Friday, September 01, 2006

Finding Community At Salmon Beach

Salmon Beach residents, Roxanne, Amelia and Timothy

Salmon Beach is perhaps Tacoma's most secluded neighborhood. Consisting of about 80 homes on stilts, it's located at water level on Tacoma's western shoreline, just south of Pt. Defiance Park. (If you use GoogleEarth, take a look at the satellite image of the long, single-file line of houses that comprise this neighborhood.) The only access to Salmon Beach is by way of long and steep footpaths from the cliff-top above, or by water. Residents must leave their cars in parking lots at the top of the cliff and hand carry their groceries down to their homes.

My friend, Terry, and I descended the terraced stairway to Salmon Beach today, and walked the single, narrow, sometimes tunnel-like foot path that comprises the neighborhood's one "street." We met long-time resident Roxanne and her children, and chatted about life on the waterline. The view is spectacular. One of the best views of the Narrows Bridge is from Salmon Beach, and "Beachers" can also see parts of Gig Harbor across the water, and some of the Olympic Mountains in the distance. Residents can fish, swim and boat from their front porches and decks (the saltwater of the Sound was crystal clear today).
Not that living at Salmon Beach is without its inconveniences. One man told us about having to lug over a hundred pounds of tools up the hill for work each day (the cliff-top parking lot is not secure against theft). I've already mentioned having to carry groceries down. Then there's the storms. Roxanne said that in our most recent windstorm she and her family had to evacuate their house because the sea-level wind was lifting it off its pilings.

But perhaps the biggest reason people choose to live at Salmon Beach in spite of its drawbacks is because of the sense of community they find there. When Roxanne's family had to evacuate their house, a neighbor with a secure building immediately took them in. If there's a heavy job to be done, the neighbors pitch in. If someone finds a cedar log floating free in the sound, they'll get a Salmon Beach neighbor to bring a second boat and lug the log to shore. Then 3 or 4 families will work together to cut and split it into firewood. Terry and I walked past beautiful firewood piles today!
The southernmost house of Salmon Beach

I must admit I envy the folks of Salmon Beach. They are surrounded by natural beauty and enjoy a real sense of community. And they have art! For example, they have Chloe, the mermaid by Marilyn Mahoney, and a totem pole by Chris Brooks.

Not to mention wildlife!
What Salmon Beach residents don't have are some of the building permits they need to improve their houses, and confidence that their cars up at cliff-top won't be tampered with at night. We're praying for you about those things, Beachers!

11 comments:

i'm_inspired said...

I still read your blog frequently. Although I have to admit, not especially for what you have to say...but for looking at your pictures!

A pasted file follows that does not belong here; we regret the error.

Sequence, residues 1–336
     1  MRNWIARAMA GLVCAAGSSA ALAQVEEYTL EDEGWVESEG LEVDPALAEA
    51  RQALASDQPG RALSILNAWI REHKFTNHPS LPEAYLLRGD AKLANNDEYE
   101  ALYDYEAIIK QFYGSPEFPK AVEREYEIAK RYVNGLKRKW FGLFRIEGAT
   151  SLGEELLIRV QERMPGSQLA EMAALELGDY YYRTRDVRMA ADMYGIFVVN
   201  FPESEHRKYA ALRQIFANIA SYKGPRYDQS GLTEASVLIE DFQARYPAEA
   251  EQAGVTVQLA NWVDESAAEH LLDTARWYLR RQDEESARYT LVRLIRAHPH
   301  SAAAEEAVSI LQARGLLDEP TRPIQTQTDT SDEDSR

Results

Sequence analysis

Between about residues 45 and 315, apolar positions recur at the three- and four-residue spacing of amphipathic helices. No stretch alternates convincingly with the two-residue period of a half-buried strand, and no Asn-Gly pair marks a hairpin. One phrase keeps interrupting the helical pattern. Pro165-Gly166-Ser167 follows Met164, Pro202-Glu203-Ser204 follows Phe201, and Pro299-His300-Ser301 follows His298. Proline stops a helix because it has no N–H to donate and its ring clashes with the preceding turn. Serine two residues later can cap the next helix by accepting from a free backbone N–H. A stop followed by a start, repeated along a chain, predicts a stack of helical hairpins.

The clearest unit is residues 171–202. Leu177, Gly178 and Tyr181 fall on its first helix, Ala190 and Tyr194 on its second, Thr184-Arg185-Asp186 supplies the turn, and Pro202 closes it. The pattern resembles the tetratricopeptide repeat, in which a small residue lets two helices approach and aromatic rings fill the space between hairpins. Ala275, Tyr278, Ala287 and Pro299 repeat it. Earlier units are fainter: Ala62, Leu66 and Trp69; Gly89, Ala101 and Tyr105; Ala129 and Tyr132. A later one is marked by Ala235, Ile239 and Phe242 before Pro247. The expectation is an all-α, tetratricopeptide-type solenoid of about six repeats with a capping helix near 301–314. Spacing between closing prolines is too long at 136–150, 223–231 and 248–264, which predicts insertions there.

The photograpy is incredible!

vwsista said...

Wow! Can anyone go to Salmon Beach?

Anonymous said...

I lived there for years. The moonlight on the water, the bridge lights twinkling at night, the serenity. I miss the beauty of the place.

And the neighbors are great too.

Jon-Paul said...

Googled Salmon Beach and came up with this. Don't know you but am grateful to see notes on community and faith. God bless.

Lorna said...

What a wonderful commentary on Salmon Beach! It sounds like such a close, caring community. I love the idea of praying through the streets of Tacoma, and it's refreshing to remember how much God loves each person in every part of the world - entire cities! Thank you for your faith and inspiration...

Anonymous said...

We have lived at Salmon Beach for YEARS! My mom grew up there and now my husband and I have decided to raise our family there. It is a lovely community, and it is it's own little word. The trips up and down the stairs with gorceries and a child on your back is completely worth it... When I go home, I get to see the most breathtaking sights and my child will grow up in a community where is front yard is a beach full of wonder and discoveries. There is not a better place in this world to live.

Mathias said...
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Lorna said...
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Anonymous said...

My dad had a friend who lived their and took me and my brothers there as kids in the early 90s. I loved that place and I googled it when I just saw a news story about a mudslide in Seattle it reminded me of a slide they had there when I was a kid. I think I will have to go visit that place soon.

Anonymous said...

I went walking along Salmon Beach today and was verbally accosted by one of the rudest people I've ever had the displeasure to meet. He tried to tell me the staircases are private property and only residents are allowed on them. I don't think this is true. There is a sign at the entrance saying non-resident pedestrians are not permitted after dusk but this is a safety issue, not a trespassing issue.

Anonymous said...

I lived at Salmon Beach about 70 years ago. In fact, it is the first home that I can remember. At the time we had no refrigeration and only screen covered boxes on the side of our house to keep things cool. Our "facilities" dumped directly into the bay and flushed naturally twice a day. We finally had to move away when my father injured his back and could no longer make the trek up the path.